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Lab News

03-02-15 Joe wins 2015 New Vision Award
Joe had a very successful conference last week, and was awarded the 2015 New Vision Award at the Charleston Conference on Alzheimer’s disease. This is a highly selective award (with money!) which involves a first round of selections to attend the conference and then a study section-like discussion of the remaining entries at the conference. Joe’s proposal was selected unanimously.
01-27-15 Tony speaks at World Economic Forum
Tony was invited to Davos to discuss how to tackle brain diseases at the World Economic Forum!
12-02-14 Final round for Breakthrough of the Year!
We made the final round for Science's 2014 Breakthrough of the year!  Let everyone know so they can vote!
11-13-14 Vote for the breakthrough of the year!
Help us win Sciene Breakthrough of 2014 by voting for "Young blood fixes old."
09-23-14 Creative Minds: Tony and Tom are in the news!
Congratulations to Tony and Tom for being in the NIH Director's blog.  You can read it here!

pubmed: wyss-coray

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    Small molecule p75NTR ligands reduce pathological phosphorylation and misfolding of tau, inflammatory changes, cholinergic degeneration, and cognitive deficits in AβPP(L/S) transgenic mice.

    J Alzheimers Dis. 2014;42(2):459-83

    Authors: Nguyen TV, Shen L, Vander Griend L, Quach LN, Belichenko NP, Saw N, Yang T, Shamloo M, Wyss-Coray T, Massa SM, Longo FM

    Abstract
    The p75 neurotrophin receptor (p75NTR) is involved in degenerative mechanisms related to Alzheimer's disease (AD). In addition, p75NTR levels are increased in AD and the receptor is expressed by neurons that are particularly vulnerable in the disease. Therefore, modulating p75NTR function may be a significant disease-modifying treatment approach. Prior studies indicated that the non-peptide, small molecule p75NTR ligands LM11A-31, and chemically unrelated LM11A-24, could block amyloid-β-induced deleterious signaling and neurodegeneration in vitro, and LM11A-31 was found to mitigate neuritic degeneration and behavioral deficits in a mouse model of AD. In this study, we determined whether these in vivo findings represent class effects of p75NTR ligands by examining LM11A-24 effects. In addition, the range of compound effects was further examined by evaluating tau pathology and neuroinflammation. Following oral administration, both ligands reached brain concentrations known to provide neuroprotection in vitro. Compound induction of p75NTR cleavage provided evidence for CNS target engagement. LM11A-31 and LM11A-24 reduced excessive phosphorylation of tau, and LM11A-31 also inhibited its aberrant folding. Both ligands decreased activation of microglia, while LM11A-31 attenuated reactive astrocytes. Along with decreased inflammatory responses, both ligands reduced cholinergic neurite degeneration. In addition to the amelioration of neuropathology in AD model mice, LM11A-31, but not LM11A-24, prevented impairments in water maze performance, while both ligands prevented deficits in fear conditioning. These findings support a role for p75NTR ligands in preventing fundamental tau-related pathologic mechanisms in AD, and further validate the development of these small molecules as a new class of therapeutic compounds.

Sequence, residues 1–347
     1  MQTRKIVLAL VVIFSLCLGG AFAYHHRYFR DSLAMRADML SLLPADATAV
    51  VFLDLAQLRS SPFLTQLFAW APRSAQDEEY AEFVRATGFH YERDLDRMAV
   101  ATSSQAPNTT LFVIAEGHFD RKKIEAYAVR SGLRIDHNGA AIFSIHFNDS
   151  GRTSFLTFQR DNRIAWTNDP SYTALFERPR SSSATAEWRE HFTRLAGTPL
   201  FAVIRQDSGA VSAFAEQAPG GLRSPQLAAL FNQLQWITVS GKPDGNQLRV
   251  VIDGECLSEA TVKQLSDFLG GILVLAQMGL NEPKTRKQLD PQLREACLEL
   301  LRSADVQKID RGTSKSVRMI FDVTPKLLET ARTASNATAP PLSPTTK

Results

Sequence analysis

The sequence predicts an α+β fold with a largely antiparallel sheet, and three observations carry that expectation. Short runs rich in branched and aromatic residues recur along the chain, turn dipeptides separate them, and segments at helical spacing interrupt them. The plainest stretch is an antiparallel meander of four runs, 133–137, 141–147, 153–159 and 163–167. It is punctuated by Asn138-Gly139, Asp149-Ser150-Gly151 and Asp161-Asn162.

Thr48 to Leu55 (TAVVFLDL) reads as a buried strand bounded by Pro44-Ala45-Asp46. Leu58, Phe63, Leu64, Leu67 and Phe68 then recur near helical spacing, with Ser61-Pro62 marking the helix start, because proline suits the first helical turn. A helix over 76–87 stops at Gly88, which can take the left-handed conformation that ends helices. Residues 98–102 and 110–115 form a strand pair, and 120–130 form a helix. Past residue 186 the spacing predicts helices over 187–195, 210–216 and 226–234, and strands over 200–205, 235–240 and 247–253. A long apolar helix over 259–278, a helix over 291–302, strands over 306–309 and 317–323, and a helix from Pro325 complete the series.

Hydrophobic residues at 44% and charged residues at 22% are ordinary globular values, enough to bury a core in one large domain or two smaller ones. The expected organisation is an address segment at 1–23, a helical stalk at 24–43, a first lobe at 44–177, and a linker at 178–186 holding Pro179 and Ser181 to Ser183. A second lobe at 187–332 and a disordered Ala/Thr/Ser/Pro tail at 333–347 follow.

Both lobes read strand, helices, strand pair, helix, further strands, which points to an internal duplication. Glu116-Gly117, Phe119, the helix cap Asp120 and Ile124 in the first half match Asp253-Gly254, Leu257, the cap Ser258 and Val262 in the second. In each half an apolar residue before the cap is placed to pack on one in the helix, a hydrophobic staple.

PMID: 24898660 [PubMed - indexed for MEDLINE]